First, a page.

Sunday night I attended a hymn sing. The collection plate was passed, and as I scurried through the contents of my purse, I came across a few forgotten coins. When I hurriedly dumped these coins into the plate, they clinked against the other small coins nested in the plate. After singing a few more numbers, the director for the evening announced that the collection amounted to $28.01. We resumed singing. The hymn sing being over, I went home, but all the way home, something bothered me. Twenty eight dollars and one cent kept ricocheting through my head, and I didn’t know why. I’ve heard collection results announced before, so why did this particular amount perturb me? And then, I knew why – it was the odd collection amount which haunted me. Where did that one cent come from? How strange to have a collection for Beacon Lights result in pennies! Upon reflection, I couldn’t help but recall that most of the young people at the hymn sing were fashionable dressed and had well kept cars. Many even had full time jobs; and yet, the collection amounted to twenty eight dollars and one cent.
Really, fellow young people, it’s a bit hard to understand. We plan and save our money for weeks in order to make payments on skirts or fender skirts; we diligently budget our money for a new paint job on our cars, or a new dress with shoes dyed to match; we willingly allot money for flashy new class rings. But, has any of us ever planned and saved our money for even one week for a hymn sing, or for a school drive, or for society dues? Why, that’s unheard of; Ridiculous! Foolishness! But is it?
Oh, we like the widow Christ commended for giving her last two mites, give our last mite, alright, but is it because that’s all we could have given? Remember, that is the point of the whole text. Two mites were all the widow could have given. Can any of us say the same?
As early as the fourth grade, we’ve heard such phrases as: “to give is better than to receive”, the Lord loveth a cheerful giver”, lay up for yourselves treasurers I heaven where neither moth nor rust doth corrupt.” Have these much repeated phrases failed to impress us? If not, how can we account for our negative attitude and inarticulate utterances when society dues are raised one measly dollar? How can we soothe our consciences when we toss pennies, nickels, dimes, quarters into collection plates, and spend five dollars, ten dollars, twenty dollars for new clothes, new cars, trips, entertainment, food, cosmetics and you add the rest?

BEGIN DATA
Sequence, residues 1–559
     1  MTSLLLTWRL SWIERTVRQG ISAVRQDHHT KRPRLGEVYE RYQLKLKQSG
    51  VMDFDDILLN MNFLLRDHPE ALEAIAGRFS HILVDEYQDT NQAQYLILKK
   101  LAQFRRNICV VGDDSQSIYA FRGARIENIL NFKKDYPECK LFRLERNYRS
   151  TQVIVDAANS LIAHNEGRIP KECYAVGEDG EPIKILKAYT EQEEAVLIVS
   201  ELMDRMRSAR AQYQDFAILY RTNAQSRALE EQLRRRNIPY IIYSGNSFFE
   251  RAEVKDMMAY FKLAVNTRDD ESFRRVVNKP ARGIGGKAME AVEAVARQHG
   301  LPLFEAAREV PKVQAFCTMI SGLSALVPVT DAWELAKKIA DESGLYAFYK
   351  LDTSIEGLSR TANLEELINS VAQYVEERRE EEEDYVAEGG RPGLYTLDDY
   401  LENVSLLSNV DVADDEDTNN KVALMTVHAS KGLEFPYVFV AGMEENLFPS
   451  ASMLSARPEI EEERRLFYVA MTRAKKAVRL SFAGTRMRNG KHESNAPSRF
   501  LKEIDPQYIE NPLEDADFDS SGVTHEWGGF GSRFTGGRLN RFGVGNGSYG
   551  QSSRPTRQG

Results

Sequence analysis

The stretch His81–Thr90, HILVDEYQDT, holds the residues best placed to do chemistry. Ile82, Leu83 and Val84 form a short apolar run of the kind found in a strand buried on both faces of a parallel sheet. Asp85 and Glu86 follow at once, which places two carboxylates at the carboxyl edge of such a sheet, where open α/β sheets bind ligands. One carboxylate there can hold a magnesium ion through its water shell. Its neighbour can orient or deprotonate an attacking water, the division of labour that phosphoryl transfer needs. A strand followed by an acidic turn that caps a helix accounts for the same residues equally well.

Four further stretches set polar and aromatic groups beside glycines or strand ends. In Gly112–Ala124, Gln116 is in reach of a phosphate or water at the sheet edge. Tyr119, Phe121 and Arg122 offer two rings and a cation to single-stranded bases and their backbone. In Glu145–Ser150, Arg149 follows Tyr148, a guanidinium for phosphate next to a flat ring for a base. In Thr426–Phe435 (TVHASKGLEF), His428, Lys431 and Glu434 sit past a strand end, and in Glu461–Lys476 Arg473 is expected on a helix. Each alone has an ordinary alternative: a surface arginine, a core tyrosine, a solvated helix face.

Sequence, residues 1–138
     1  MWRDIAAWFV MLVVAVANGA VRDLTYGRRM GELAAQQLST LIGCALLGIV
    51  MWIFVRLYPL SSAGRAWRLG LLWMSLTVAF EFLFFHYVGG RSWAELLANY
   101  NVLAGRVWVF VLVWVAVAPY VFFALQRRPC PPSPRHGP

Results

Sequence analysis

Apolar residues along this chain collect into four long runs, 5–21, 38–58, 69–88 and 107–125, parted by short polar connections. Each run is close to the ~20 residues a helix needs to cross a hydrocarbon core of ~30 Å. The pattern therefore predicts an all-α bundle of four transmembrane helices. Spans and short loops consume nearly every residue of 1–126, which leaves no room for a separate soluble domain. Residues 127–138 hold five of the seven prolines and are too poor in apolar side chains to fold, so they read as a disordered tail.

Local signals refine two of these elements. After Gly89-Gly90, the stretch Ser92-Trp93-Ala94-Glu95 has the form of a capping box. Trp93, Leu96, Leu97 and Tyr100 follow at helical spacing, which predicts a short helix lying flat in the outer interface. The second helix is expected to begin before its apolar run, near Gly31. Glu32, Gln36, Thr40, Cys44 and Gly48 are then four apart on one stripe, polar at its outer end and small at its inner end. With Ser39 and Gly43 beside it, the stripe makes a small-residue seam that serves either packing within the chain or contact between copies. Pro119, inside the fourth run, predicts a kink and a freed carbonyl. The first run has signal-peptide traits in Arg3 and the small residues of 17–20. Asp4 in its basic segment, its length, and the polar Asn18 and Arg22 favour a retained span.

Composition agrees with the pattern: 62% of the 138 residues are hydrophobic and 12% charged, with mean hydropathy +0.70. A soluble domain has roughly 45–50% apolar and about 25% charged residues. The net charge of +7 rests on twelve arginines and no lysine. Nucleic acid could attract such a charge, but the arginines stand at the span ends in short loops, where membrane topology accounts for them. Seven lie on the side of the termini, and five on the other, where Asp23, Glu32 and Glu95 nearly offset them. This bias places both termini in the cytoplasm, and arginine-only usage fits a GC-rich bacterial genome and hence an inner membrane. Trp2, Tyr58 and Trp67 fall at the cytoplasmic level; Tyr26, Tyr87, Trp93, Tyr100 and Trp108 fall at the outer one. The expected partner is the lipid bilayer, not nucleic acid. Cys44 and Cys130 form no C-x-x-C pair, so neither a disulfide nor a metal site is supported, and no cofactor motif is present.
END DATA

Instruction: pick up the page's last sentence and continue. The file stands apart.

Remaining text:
Look at the title of this article once again. Yes, young people, for the most part, isn’t this exactly what we do? We give our last mite, our last bit of money – the money we were shocked to know we even had, the money we were unknowingly carrying around, the mite which fortunately stuck in a corner of our purse or pocket, thus saving us the social embarrassment of having nothing to put in. There is no planning involved, no allotting of our weekly paychecks, no apportioning of our money for the “lasting” things; but, on the contrary, we go right on giving our last mites, the mites which fortunately happen to be within grasping distance. And mites such as this are supposed to put out this magazine, pay the conventions, support the poor, build high schools, publish pamphlets send our missionaries, pay teachers and support a host of other missionaries, pay teachers and support a host of other worthwhile causes…., but can they?